As of Monday, February 11, Richard Gray said his project to honor those who died in Sandy Hook on 12/14 was going full throttle. The only problem is, the nearly seven-ton granite memorial that is taking shape under the hands of craftspeople in Downeast Maine currently has not been guaranteed a site in Newtown.
Town officials in Newtown have not spoken directly with Mr Gray, a recent resident of Merritt Island, Fla., and former longtime resident of Gouldsboro, Maine, according to Sue Marcinek, executive assistant to First Selectman Pat Llodra.
Rob Kaiser of HealingNewtown Arts Space, an organization working to help the Newtown Cultural Arts Commission deal with the overwhelming response from the art community, said the group had received a submission form from Mr Gray last month, but had asked for his patience “as we have many larger issues to resolve in advance — not the least of which is the fate of Sandy Hook School.”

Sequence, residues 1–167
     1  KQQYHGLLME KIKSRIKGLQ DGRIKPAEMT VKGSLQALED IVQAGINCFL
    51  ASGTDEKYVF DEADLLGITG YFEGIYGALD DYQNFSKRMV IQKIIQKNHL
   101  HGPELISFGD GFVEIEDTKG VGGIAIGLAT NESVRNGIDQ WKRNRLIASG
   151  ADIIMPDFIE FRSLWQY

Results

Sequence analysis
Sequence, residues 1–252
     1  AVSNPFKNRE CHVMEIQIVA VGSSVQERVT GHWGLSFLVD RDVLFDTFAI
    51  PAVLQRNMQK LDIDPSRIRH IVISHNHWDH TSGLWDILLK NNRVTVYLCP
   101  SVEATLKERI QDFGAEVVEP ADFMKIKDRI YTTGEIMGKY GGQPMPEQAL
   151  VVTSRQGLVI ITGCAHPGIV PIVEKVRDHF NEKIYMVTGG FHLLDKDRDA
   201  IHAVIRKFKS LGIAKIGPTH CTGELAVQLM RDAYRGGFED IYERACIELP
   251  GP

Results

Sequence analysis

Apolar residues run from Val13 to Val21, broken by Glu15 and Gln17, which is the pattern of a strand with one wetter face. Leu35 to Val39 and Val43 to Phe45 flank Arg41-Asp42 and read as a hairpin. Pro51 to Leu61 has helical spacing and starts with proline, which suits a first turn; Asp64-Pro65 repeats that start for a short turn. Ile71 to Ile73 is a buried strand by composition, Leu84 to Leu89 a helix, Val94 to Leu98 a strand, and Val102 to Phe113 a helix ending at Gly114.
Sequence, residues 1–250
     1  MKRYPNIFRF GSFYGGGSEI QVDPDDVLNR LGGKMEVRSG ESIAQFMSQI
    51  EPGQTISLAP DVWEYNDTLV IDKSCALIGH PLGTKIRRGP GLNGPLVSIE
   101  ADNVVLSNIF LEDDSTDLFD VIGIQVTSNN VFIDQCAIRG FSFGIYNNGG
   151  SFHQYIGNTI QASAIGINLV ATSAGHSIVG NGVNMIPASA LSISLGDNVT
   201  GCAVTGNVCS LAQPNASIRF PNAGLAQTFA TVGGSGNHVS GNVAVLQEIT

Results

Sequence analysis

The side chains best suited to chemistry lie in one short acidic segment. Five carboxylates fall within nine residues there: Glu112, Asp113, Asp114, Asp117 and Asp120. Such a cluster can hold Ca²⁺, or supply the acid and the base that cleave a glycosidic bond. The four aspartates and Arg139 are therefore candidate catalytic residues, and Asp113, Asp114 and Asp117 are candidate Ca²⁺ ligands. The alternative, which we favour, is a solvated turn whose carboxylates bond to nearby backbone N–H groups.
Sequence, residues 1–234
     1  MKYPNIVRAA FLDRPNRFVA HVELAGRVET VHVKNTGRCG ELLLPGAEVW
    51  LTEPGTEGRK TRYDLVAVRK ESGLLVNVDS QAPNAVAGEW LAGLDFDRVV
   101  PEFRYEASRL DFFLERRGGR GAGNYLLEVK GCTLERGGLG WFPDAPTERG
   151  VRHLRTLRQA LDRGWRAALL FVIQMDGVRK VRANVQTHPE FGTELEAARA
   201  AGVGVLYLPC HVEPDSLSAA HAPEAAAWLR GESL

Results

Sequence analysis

Neither Parks and Recreation, nor the ad hoc Parks and Recreation group handling gifts to the town, has been contacted by Mr Gray, said director Amy Mangold. A decision on a permanent type of memorial and where that might be located has not been made at this time.
Mr Gray admitted that this is not the kind of gift to the town that can be easily moved, once it is set in place. He is hopeful that by the time the monument, engraved with the names of all who died at Sandy Hook Elementary School, is completed in early March that he will have an answer as to where it will end up.
“It all started with a dream, or vision. In this dream, I [was] standing there looking at a wall and when I turned around there were thousands of people watching, waiting to see it.” This is how the Maine native describes his immediate response to 12/14 on the website mainelovessandyhook.com, set up shortly after the Sandy Hook incident.